Flumes Vol. 5: Issue 1, Summer 2020 | Page 93


A Long Table of Strangers Along the Way

By Ginny Bartolone

I never learned The Man from Poland’s real name. On the Camino de Santiago, you’re more likely to learn the details of a person’s entire childhood before learning their name. You become “the Irish girl with the dog” or “the chap with the rolling backpack” or “the twins from Austria.” Given names are secondary to your deeper story: how you ended up on a centuries-old pilgrimage, for example. As soon as you get attached to someone, as soon as you receive their story, you change your walking pace or they change theirs. One minute they’re your family member, the next, you’re on different schedules, in different villages, experiencing the same road miles apart. These fleeting encounters force you to connect with urgency, they teach you to let go. My encounter with The Man from Poland lasted all but five hours, but he shifted the course of my journey.

Christina and I were about 20 days into our five-week hike from Southern France to Northwest Spain when we came across a Roman festival in Astorga. Outside, families closed up their shops early, already decked out in full Roman regalia, ready for the parades, feasts, and dancing that would go on until sunrise. Without anywhere for pilgrims like us to settle for dinner, we hid inside.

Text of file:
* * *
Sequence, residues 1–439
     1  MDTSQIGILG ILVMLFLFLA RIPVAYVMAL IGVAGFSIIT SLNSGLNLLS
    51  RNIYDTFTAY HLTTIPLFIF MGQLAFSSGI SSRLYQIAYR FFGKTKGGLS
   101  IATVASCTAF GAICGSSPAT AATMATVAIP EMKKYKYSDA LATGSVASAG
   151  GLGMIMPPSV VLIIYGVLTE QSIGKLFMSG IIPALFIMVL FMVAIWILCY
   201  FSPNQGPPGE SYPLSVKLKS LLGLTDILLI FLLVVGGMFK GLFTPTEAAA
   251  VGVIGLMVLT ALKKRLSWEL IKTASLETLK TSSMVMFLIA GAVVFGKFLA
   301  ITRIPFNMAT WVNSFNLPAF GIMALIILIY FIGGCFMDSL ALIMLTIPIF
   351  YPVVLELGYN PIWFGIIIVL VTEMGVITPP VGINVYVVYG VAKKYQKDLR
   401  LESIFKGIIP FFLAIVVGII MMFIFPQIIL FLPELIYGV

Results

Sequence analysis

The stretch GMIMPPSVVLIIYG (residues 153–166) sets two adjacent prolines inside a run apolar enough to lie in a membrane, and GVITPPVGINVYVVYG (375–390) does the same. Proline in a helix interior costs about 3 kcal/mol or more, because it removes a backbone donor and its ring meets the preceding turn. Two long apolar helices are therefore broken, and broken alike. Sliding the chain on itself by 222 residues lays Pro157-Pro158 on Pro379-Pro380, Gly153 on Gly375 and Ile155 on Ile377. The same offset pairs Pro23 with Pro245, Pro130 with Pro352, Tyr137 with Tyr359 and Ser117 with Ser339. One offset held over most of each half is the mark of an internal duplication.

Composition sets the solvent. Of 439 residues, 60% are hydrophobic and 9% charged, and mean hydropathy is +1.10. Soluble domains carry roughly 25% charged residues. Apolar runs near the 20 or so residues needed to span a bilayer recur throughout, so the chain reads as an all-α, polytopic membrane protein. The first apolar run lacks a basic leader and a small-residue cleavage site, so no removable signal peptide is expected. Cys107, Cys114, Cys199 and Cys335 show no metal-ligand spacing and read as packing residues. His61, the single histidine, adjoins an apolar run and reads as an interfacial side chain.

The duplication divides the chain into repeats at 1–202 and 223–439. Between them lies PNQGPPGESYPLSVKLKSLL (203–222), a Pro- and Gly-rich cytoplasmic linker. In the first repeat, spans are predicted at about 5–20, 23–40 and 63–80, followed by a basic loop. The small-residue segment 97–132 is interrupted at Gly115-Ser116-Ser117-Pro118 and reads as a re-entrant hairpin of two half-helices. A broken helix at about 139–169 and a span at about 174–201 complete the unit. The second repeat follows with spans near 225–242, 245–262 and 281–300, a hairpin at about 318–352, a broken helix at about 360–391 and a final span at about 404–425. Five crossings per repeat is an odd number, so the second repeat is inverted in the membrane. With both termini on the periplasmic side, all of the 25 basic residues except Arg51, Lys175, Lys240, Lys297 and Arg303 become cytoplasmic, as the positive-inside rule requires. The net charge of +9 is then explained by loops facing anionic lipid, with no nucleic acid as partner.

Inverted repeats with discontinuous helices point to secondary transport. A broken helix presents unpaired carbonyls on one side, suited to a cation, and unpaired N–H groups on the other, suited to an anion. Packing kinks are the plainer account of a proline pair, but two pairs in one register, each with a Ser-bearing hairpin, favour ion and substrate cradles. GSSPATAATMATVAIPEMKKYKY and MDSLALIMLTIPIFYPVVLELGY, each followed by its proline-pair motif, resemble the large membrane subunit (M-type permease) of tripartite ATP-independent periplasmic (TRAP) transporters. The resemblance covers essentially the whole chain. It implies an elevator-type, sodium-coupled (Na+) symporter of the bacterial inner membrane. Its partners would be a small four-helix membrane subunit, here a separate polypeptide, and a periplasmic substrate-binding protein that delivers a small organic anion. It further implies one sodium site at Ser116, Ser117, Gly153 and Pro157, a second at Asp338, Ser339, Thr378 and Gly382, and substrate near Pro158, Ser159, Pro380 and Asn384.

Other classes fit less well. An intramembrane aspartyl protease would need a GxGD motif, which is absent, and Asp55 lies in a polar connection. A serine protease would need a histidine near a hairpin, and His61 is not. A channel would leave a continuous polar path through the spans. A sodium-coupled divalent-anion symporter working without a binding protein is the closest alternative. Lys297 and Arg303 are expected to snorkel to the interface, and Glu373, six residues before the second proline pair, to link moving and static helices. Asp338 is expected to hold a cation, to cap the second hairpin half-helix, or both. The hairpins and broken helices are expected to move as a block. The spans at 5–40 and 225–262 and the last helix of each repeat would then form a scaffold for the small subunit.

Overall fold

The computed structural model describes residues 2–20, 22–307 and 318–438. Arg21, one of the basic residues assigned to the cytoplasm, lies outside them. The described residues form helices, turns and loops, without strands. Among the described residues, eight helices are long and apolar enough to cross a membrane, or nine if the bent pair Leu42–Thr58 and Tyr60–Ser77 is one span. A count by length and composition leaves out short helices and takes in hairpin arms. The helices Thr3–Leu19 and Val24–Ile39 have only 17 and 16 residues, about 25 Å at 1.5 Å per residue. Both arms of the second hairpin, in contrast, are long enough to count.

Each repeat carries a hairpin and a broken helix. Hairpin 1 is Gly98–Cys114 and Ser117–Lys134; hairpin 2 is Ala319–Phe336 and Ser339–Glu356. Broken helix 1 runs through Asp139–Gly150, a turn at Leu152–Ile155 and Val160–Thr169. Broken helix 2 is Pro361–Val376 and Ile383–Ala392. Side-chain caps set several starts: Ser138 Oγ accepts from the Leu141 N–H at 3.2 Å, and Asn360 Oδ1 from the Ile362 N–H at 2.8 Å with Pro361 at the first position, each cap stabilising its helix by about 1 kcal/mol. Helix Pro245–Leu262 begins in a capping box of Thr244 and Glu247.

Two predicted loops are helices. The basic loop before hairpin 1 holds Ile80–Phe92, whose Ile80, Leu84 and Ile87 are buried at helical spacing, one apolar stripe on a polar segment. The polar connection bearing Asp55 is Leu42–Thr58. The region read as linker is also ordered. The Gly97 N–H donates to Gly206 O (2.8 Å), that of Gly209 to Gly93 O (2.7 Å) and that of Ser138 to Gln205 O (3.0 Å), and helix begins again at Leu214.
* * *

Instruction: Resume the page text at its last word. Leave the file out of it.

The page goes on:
Beneath the slanted wooden beams of Astorga’s large albergue—the Camino’s word for hostel—five of us feasted on a shared banquet of bread, tomatoes, leftover ice cream cake, various treats from The Man from Poland’s pack, and a large bottle of orujo. The more I sipped, the less I felt my aching, blistered feet. There were a few familiar faces around the table, two people I’d walked with for a day or two and of course, my friend from college, Christina, a sprightly Kindergarten religion and theatre teacher who inspired me to come back to walk the Camino for a second time. The man at the head of the table was new, however. He told us that he didn’t like to sleep in the albergues when he didn’t have to. It didn’t feel authentic. I flagged the comment in my mind as we set the table

As the late afternoon wore on and our laundry on the lines outside the window dried solid in the summer sun, The Man from Poland leaned his elbows on the table and brooded for a moment. He gripped a thin, tall glass of orujo. The graying crevices of his face deepened as he pondered his next point. We were deep in a conversation—no, a debate—about whether the growing popularity of the Camino was a positive trend.